Race Weekend Central

F1: Lewis Hamilton Qualifies for the Australian GP Where He Ended in 2018

Lewis Hamilton starts where he left off from the 2018 season by claiming his sixth pole position at Melbourneʻs Albert Park. If you donʻt recall, Hamilton closed out last year by claiming pole and winning the race at Abu Dhabi to add an exclamation point to his fifth championship. After testing in Barcelona, it appeared that Mercedes might be just a tick behind Ferrari and that Hamilton would be facing a greater challenge to his reign.

Instead, the closest competitor on the grid was Hamiltonʻs teammate, Valtteri Bottas who claimed second on the grid a little over a tenth behind Hamiltonʻs time (1:20:486). Ferrariʻs Sebastian Vettel took the third spot almost 0.7 seconds behind Hamilton. Max Verstappen, of Red Bull, will start fourth with the second Ferrari of Charles Leclerc behind in fifth.  

The qualifying session played out in a rather clean fashion with only Robert Kubica, in his return to the sport, taking his Williams for a drive off the track but not sustaining any damage. For Kubica, Williams and their second driver, George Russell, qualifying backed up everything that they anticipated as they filled the bottom two spots on the grid and donʻt look competitive. Whether or not team principal Jean Todtʻs absence is being felt by the team could be argued as they have faced financial woes for the past few seasons, but this kind of start to the season is ominous.  

The Haas Ferrariʻs of Romain Grosjean and Kevin Magnussen paired up to take the sixth and seventh spots on the grid, which came as little shock owing to the strength of the Ferrari engine and continued improvements with the team as they enter their fourth year of racing.  

The surprise of the qualifying session came in the form of Lando Norris, debuting in F1 with McLaren, who made his way to Q3 and snagged the eighth position. The once-proud organization has been frustratingly slow for the past three years and Norrisʻ performance may give some semblance of hope – though that hope might be countered by his teammateʻs placing of 18th.  

The team that should be concerned with their placement must be Renault who could muster only the 11th and 12th positions. The big splash in driver movement came with Daniel Ricciardo switching from Red Bull to Renault but there was nothing to bring continued excitement, especially to the Australianʻs home crowd, when he took 12th. This year is supposed to be one where they take what should be considered a step forward and begin to challenge for podiums but this kind of struggle looks to portend a difficult season ahead.  

One of the more curious team splits on the grid is that of Red Bull. As they make their debut with Honda for the season, Verstappen looked in fine form by taking fourth, but Pierre Gasly, having been promoted from the sister team Toro Rosso, failed to get out of Q1, and will start in 17th. With a new engine and driver, Red Bull will be a fascinating team to watch, both to see how Honda has progressed in developing their F1 engine but also to see if Gasly is the talent that the team believes him to be.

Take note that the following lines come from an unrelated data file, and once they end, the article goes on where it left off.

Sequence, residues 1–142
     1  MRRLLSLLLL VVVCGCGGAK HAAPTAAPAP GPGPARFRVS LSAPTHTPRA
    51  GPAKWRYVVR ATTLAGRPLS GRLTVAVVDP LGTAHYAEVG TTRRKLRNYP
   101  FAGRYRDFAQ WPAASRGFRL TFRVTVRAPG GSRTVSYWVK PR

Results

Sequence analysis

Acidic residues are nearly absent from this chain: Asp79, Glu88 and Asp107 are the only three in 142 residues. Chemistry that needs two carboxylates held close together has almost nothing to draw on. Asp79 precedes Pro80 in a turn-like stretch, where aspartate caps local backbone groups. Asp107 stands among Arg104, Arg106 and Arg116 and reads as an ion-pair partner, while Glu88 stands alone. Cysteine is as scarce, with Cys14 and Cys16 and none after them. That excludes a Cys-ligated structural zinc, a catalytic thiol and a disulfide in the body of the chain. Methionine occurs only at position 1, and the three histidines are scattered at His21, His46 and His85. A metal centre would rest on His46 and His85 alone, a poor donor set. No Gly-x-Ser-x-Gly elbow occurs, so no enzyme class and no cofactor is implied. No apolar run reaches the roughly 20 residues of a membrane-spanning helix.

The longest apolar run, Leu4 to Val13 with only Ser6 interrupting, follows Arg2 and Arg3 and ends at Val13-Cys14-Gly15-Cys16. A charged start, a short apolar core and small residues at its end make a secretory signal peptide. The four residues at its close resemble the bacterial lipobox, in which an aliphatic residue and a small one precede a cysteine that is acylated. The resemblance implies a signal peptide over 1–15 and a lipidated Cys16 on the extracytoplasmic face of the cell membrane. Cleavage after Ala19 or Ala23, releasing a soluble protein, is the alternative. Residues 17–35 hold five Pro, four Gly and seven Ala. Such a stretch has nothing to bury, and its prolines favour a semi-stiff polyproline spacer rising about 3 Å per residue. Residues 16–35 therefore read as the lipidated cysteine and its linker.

The Race

The first was held in 1928 and after gaps in racing has run each consecutive year since 1947. Beginning in 1996, F1 moved to Melbourne’s Albert Park, a site that was contested by protest to save the park and a response to motorsport taking over a green space.  The temporary track is relatively flat and the course is comprised of 16 turns and is 3.295 miles in length.

Michael Schumacher leads all drivers with four wins, while Sebastian Vettel leads active drivers with three wins, his most recent coming last year when he started the season with a shot across the bow to Hamiltons. Kimi Raikkonen and Lewis Hamilton both have two wins apiece in Melbourne.


Qualifying Grid:


1 44 Lewis Hamilton MERCEDES 1:22.043 1:21.014 1:20.486 18
2 77 Valtteri Bottas MERCEDES 1:22.367 1:21.193 1:20.598 19
3 5 Sebastian Vettel FERRARI 1:22.885 1:21.912 1:21.190 16
4 33 Max Verstappen RED BULL RACING HONDA 1:22.876 1:21.678 1:21.320 17
5 16 Charles Leclerc FERRARI 1:22.017 1:21.739 1:21.442 17
6 8 Romain Grosjean HAAS FERRARI 1:22.959 1:21.870 1:21.826 17
7 20 Kevin Magnussen HAAS FERRARI 1:22.519 1:22.221 1:22.099 18
8 4 Lando Norris MCLAREN RENAULT 1:22.702 1:22.423 1:22.304 21
9 7 Kimi Räikkönen ALFA ROMEO RACING FERRARI 1:22.966 1:22.349 1:22.314 17
10 11 Sergio Perez RACING POINT BWT MERCEDES 1:22.908 1:22.532 1:22.781 15
11 27 Nico Hulkenberg RENAULT 1:22.540 1:22.562 10
12 3 Daniel Ricciardo RENAULT 1:22.921 1:22.570 12
13 23 Alexander Albon SCUDERIA TORO ROSSO HONDA 1:22.757 1:22.636 14
14 99 Antonio Giovinazzi ALFA ROMEO RACING FERRARI 1:22.431 1:22.714 14
15 26 Daniil Kvyat SCUDERIA TORO ROSSO HONDA 1:22.511 1:22.774 13
16 18 Lance Stroll RACING POINT BWT MERCEDES 1:23.017 6
17 10 Pierre Gasly RED BULL RACING HONDA 1:23.020 6
18 55 Carlos Sainz MCLAREN RENAULT 1:23.084 6
19 63 George Russell WILLIAMS MERCEDES 1:24.360 9
20 88 Robert Kubica WILLIAMS MERCEDES 1:26.067 8


About the author

As a writer and editor, Ava anchors the Formula 1 coverage for the site, while working through many of its biggest columns. Ava earned a Masters in Sports Studies at UGA and a PhD in American Studies from UH-Mānoa. Her dissertation Chased Women, NASCAR Dads, and Southern Inhospitality: How NASCAR Exports The South is in the process of becoming a book.

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